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Head gurus: Seat angle ?

Has anyone doing head work experimented with seat angles?

I see the spec calls for a 30/45/75. Has anyone tried a 30/45/60 with success? How about any other cuts for a 3.0 street engine?

Mike
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Old 08-17-2004, 06:04 AM
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the bottom cut doesn't make much difference if it's 60 or 75. if you use a stone, the 75 tends to wedge. i use a 60 hand cutter so i can remove metal where i want instead of where the stone wants. a lot of times when you do the final lower cut, there is perfect seat width on one side and too wide on the other. the stone tends to follow the hole and remove material from the perfect side while grinding on the wide side. a single blade hand cutter doesn't do that.
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Old 08-17-2004, 08:13 AM
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Thanks for the reply John, after looking at the head with my machinist, it makes sense the way you describe. Do you blend the cut back into the bowl or leave it "as is"
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Old 08-17-2004, 12:01 PM
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If you really want to massage them after the 60 deg or what ever you elect you can blend it all togather b4 and after your seat (carefull not to scew up your seat)....In my case it really has turned it loose.
The other thing I do is polish the back of the intake valve to high luster.......for that mater do the whole combution chamber.(Less burs less knock)...Thats how i do mine, works4me
Old 08-17-2004, 01:59 PM
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Old 08-17-2004, 02:12 PM
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I'll be breaking out the die grinder and the dremel this weekend. Will try to post some before and after shots. Thanks for the replies!

Mike
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Old 08-18-2004, 05:11 AM
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if you put prussion blue or grease on the valve seat (the 45) then drop it into the correct hole( dont change them around) you will more ezly see the aera to work on after you remove the valve,,,as the seat aera in the head is pretty narrow.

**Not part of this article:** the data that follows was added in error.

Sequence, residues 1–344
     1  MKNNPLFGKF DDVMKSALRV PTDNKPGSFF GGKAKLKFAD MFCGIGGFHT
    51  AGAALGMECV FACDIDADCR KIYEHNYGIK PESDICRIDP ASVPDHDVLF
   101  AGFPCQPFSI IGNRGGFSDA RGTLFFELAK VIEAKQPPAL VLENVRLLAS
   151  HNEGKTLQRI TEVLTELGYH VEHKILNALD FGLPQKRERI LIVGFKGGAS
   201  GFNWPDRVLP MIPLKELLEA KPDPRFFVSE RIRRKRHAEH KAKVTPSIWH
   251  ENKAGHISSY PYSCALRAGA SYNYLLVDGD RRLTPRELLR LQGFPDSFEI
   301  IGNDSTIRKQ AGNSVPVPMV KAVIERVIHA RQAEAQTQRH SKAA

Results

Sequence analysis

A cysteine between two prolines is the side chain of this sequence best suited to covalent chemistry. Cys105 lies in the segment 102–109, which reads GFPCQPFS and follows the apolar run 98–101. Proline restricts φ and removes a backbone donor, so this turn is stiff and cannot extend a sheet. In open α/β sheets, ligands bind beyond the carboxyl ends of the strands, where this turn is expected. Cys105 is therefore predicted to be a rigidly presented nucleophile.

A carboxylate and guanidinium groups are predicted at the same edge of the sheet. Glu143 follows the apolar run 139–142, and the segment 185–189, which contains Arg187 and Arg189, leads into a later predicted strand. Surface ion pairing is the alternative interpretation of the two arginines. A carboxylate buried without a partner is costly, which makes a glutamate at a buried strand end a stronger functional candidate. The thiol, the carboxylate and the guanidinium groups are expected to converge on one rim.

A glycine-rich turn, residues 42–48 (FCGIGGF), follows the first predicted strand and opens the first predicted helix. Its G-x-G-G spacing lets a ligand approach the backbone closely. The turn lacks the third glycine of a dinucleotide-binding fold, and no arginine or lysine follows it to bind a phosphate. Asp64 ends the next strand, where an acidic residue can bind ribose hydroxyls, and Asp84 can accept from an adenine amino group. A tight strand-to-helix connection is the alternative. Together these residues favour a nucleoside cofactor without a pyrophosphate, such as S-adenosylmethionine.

Old 08-18-2004, 05:46 AM
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Your nuts.
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Old 08-18-2004, 08:59 AM
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Christian

Are you using stones or cutters on the seats? Do you use Sioux stones, Sunnen or K-Line products, what product line are you using?
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Old 08-18-2004, 09:28 AM
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I grind the seat angles using a Kwik Way wet valve grinding system. it has a pilot that inserts into the guide so the seats get ground concentric with the guide angle. It floods the seat while grinding with lubricant and the seats come put perfectly.

Grinding vs. cutting has advantages since grinding removes tenths, while cutting removes thousandths. Also cutting the seats rips the material off, while grinding burnishes the surface and can give a more stable finish if sdone properly.
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Old 08-18-2004, 10:01 AM
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"Your nuts."


Relax - I know better than to attack the seats with the carbide cutter and sanding rolls. I'll let my machinist do that with his Serdi machine.

Mike:
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Old 08-18-2004, 11:48 AM
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who ever said use anything but stones??? but if do not want to see what is goinng on that your deal....
and if you want to clean up the ports and polish stuff you will need a whole array of stuff .
And Mike you do not have to call anyone nuts just cause you own a machine shop.... or disagree with them we are tring to move our selfs up a notch or to here...no regressions

Last edited by afterburn 549; 08-19-2004 at 10:10 AM..
Old 08-19-2004, 09:38 AM
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Quote:
Originally posted by afterburn 549
who ever said use anything but stones??? but if do not want to see what is goinng on that your deal....
huh?
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Old 08-19-2004, 09:43 AM
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Afterburn,

I think Christian meant I am nuts for saying I was going to break out the die grinder! I appreciate your comments and plan to do some work around the bowls and let my machinist do the finish work on the seats.

Mike
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Old 08-19-2004, 11:07 AM
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My bad, I misunderstood, I thought he was going to try and change his valve seat angles by hand using a die grinder, thats what I thought was nuts. You dont need a machine shop to do port work, I wasnt implying that. Sorry if it came out worng.
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Old 08-19-2004, 03:30 PM
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Old 08-19-2004, 04:01 PM
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